CAMP BUEHRING, Kuwait -- Marines from two of the 26th Marine Expeditionary Unit's major subordinate elements teamed up to perform a difficult nighttime training operation here.
The Marines from Combat Logistics Battalion-26's Helicopter Support Team (HST) worked together with CH-46E Sea Knight pilots and crew members from Marine Medium Helicopter Squadron-264 (Reinforced) to perform external-load lifts in darkness.
Capt. Jim J. Purekal, a CH-46E pilot in HMM-264 (Rein), said the crews practice the external lifting in order to maintain proficiency in the tricky technique.
"We practice it in case we are asked to conduct supply missions to places we are not able to land," he said.
Performing the lifts requires split-second decision-making and intensive coordination between the two teams; one on the ground and one in the air.
While the pilots are the ones flying the aircraft, the crew chief in the back of the helicopter is the one who actually sees what is going on underneath the aircraft and directs the pilots onto the target, Purekal said.
"The crew chief guides us in and picks up on any drift," said Purekal. "He is the one calling the shots."
The whole operation is tricky on even the best of days, and it becomes exponentially more difficult when other factors are introduced into the process.
Maneuvering aircraft in the dark is a common skill among Marine pilots, but hovering a helicopter 15 feet above the HST Marines while attempting to pick up a 1,700-pound concrete-block requires resolute concentration.
"When you wear (night-vision goggles), you lose depth-perception, peripheral vision, and contrast," Purekal said.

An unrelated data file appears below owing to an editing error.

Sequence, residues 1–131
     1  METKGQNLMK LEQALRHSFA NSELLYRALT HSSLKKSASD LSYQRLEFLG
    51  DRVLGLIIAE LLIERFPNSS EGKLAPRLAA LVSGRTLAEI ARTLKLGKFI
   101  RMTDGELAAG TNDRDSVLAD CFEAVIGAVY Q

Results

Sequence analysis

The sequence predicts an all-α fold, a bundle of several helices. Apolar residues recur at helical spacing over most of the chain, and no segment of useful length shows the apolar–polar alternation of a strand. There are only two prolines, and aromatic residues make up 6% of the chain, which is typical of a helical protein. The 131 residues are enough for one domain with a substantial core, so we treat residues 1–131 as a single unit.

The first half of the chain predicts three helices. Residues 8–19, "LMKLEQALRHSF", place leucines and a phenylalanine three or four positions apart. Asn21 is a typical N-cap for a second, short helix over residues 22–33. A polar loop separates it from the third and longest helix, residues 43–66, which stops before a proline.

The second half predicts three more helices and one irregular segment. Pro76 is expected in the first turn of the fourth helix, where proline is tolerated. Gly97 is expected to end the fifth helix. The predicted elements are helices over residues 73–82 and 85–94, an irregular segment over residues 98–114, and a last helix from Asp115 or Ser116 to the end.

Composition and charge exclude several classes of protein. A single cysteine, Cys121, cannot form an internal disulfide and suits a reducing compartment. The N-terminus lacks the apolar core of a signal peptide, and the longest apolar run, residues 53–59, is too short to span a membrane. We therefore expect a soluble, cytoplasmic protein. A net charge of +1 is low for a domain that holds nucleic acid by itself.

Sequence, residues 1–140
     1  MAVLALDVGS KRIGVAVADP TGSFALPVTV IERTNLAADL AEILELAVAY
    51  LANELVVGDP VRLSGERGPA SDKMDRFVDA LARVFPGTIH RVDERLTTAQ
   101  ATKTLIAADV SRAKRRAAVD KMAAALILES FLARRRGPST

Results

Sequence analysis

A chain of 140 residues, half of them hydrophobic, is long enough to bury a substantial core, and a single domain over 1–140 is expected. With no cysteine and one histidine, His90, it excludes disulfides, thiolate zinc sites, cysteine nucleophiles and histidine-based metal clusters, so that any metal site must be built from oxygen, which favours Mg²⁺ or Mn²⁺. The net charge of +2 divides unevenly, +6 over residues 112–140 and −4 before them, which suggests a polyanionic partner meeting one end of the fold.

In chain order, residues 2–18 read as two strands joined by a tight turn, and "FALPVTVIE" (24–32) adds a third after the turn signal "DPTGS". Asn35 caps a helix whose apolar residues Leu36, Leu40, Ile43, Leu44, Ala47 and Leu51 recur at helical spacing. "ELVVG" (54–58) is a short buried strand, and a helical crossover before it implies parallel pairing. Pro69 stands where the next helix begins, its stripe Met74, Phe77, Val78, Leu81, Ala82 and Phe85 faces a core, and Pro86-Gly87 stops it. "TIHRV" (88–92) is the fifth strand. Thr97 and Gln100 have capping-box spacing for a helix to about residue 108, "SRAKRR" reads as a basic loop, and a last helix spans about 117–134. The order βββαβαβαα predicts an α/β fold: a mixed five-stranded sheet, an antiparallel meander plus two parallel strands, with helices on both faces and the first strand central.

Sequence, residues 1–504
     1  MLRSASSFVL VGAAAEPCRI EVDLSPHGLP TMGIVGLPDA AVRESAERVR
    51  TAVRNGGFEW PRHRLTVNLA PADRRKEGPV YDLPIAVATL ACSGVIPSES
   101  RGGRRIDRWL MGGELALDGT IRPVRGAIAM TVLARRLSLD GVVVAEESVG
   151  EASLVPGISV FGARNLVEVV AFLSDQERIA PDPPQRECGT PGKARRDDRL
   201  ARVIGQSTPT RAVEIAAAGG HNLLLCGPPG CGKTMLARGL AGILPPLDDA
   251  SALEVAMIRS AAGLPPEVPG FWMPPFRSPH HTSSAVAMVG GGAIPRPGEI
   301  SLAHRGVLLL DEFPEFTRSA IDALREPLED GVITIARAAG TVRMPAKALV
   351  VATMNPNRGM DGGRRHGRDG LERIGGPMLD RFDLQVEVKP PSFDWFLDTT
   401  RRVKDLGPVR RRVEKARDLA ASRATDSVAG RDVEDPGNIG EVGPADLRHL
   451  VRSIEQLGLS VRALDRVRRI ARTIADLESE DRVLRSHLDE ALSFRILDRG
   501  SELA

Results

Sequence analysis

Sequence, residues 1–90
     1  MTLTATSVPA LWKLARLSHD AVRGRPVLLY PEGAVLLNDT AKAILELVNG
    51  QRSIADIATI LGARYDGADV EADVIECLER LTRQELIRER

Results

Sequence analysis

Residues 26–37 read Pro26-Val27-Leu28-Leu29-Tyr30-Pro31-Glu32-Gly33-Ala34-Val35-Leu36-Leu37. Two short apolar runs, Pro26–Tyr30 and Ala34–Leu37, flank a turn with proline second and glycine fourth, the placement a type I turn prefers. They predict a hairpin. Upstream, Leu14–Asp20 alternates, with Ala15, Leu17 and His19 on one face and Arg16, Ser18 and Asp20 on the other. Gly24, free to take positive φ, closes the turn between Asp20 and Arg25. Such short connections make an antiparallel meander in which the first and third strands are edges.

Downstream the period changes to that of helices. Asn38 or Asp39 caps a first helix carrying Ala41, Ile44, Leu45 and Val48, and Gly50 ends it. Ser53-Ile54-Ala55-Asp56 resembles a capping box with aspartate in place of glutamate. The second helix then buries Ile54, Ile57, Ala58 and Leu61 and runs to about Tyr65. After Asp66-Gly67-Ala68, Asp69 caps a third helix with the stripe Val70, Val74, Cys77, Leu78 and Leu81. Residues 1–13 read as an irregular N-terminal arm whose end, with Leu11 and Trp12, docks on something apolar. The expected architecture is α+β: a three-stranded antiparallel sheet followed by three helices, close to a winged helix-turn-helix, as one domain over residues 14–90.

It wasn't any easier for the crew on the ground, who fought a veritable sandstorm of dust and rocks every time a helicopter came in to pick up a load.
Cpl. Ashley B. Fuqua, a member of the HST, said nighttime missions make the whole process more difficult.
The crew on the ground doesn't have the benefit of night vision equipment to aid them, and must react quickly when the helicopters bear down on them.
"(Night missions) are difficult because you can't see anything until (the aircraft) are right on top of you," he said.
Fuqua said the training went well and allowed the crews to work refine their techniques and procedures for the night operations.
The 26th Marine Expeditionary Unit is utilizing the facilities at Udairi Range, Kuwait to exercise core capabilities and refresh skills. The training is designed to ensure the MEU's continued operational readiness to conduct an array of potential missions as the strategic reserve for U.S. Central Command.
The 26th MEU departed North Carolina Jan. 6 on a routine deployment as the landing force with the Bataan Strike Group.